This is a three-credit graduate level course. It can be
credited to all degree programs, subject to advisor approval. It is also
a theory elective for the PhD program in computer science, a suitable elective
for the MS foundations or security tracks, and a foundations track
elective for undergrad CS majors.
We meet Tuesdays and Thursdays 10:10-11:25 in 142 Uris Hall.
The class is recorded for CVN students, and recordings will also be made available to on-campus students for 10 days after each lecture.
Communication: We will be using gradescope and edstem, both accessible from courseworks, and regular office hours (see below). Announcements will be sent by email through courseworks, as well as posted on this webpage. Regrade requests should be submitted in writing through Gradescope, within one week after the assignment is returned.
If you have any administrative questions, you can post a private question on Edstem. Questions with sensitive personal information can be emailed to just the professor. Questions related to the material should be posted on Edstem or asked in office hours, with the exception of quiz related questions, which should not be asked while the quiz is still ongoing. Other questions are highly encouraged (after you've spent some time thinking and going over the material).
This course is an introduction
to the foundations of modern cryptography. In general, cryptography aims to construct
efficient schemes achieving some desired functionality, even in an adversarial
environment. For example, the most basic question in cryptography is that
of secure communication across an insecure channel: Can Alice send a message to
Bob so that Bob understands the message, but no eavesdropper does? How
can Bob be sure that the message received was sent by
While cryptography is an ancient field, the emergence of modern cryptography in the last few decades is characterized by several important features distinguishing it from classical cryptography. For one thing, the availability of computers and the wide spread of networked information systems and the Web, has dramatically increased both the need for good cryptography, and the possibilities that it can offer. In addition to the classical military and national security applications, a wide scope of financial, legal, and social cryptographic applications has emerged, from using a credit card on-line or sending an encrypted email, to more ambitious goals of electronic commerce, electronic voting, contract-signing, database privacy, and so on. The most important characteristic of modern cryptography is its rigorous, scientific approach, based on firm complexity-theoretical foundations. In contrast to the classical approach based on ad-hoc solutions (design a scheme that seems very hard to break, and hope for the best), modern cryptography aims for specific, rigorously quantifiable security guarantees, based on precise mathematical definitions and provably secure protocols.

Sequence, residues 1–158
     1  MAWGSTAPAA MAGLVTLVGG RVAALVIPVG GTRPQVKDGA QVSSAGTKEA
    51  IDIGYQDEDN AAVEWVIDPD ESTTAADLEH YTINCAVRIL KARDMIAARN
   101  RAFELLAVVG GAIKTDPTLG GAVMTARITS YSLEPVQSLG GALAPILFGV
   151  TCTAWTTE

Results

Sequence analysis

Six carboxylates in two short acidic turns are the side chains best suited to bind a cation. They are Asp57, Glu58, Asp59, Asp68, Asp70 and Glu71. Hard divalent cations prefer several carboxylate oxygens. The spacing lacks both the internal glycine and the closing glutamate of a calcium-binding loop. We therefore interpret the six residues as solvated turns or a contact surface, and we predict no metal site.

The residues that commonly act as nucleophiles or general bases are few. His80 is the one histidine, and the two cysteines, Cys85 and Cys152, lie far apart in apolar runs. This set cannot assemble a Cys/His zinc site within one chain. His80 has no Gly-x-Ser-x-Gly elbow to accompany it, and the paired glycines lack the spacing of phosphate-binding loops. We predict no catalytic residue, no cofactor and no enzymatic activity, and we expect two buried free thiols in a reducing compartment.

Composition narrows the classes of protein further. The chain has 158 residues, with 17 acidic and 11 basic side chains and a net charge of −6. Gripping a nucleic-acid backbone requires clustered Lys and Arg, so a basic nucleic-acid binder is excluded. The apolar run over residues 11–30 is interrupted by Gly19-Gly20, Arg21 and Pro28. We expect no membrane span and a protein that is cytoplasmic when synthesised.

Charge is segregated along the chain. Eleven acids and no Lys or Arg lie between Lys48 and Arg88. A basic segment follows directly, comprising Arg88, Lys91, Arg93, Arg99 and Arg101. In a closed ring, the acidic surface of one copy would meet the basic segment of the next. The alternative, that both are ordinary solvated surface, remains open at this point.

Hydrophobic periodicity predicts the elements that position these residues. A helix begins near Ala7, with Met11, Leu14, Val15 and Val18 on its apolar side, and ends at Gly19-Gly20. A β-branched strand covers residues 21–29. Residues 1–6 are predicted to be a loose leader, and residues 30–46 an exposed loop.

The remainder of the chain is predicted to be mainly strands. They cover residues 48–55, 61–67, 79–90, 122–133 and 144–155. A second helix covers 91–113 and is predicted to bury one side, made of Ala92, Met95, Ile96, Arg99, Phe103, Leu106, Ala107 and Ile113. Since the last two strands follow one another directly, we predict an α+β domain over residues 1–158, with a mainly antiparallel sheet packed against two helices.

The principles and techniques
underlying the above will be illustrated through specific examples drawing from
the basic cryptographic primitives. Through these examples, which are
very important on their own, you will also learn to critically evaluate and
interpret cryptographic definitions and security proofs (i.e., what is
and what is not guaranteed?).
While the class will focus on the theoretical foundations, we will discuss the relation to how things are actually done in practice.
The material covered in the class should prepare you to make sense of some current research papers in cryptography, and to study further on your own (or take an advanced class). Opportunities for research under my supervision may be available for interested students who do well in the class.
The following is an ambitious list of topics to be covered. Depending on time, some of the topics will be omitted.
The following topics are outside of the scope of this class.
We will use the book “Introduction to Modern Cryptography” by Jonathan Katz and Yehuda Lindell, Chapman and Hall/CRC Press, 3rd edition. This book will be on reserve in the science and engineering library. Recommendations for some other textbooks (not required) appear here.
The following skills will be assumed:
It will also help to have background in at least some of the following areas:
These topics will be briefly covered in class as needed, but if you do not have any background in any of them, you are likely to find it hard to keep up.
The appendix of the textbook reviews some background, and additional references for background reading can be found here.
The grading will be based
on homework (50%),
quizzes (15%), and a cumulative exam
(35%) (tentatively on Fri Dec 15, but this is subject to registrar approval -- the backup option is an evaluation on the last day of classes).
Students are expected to carefully go over each lecture before the next one. There will also be some required readings assigned, that the students will be responsible for.
All students are presumed to be aware of the departmental policy regarding academic honesty.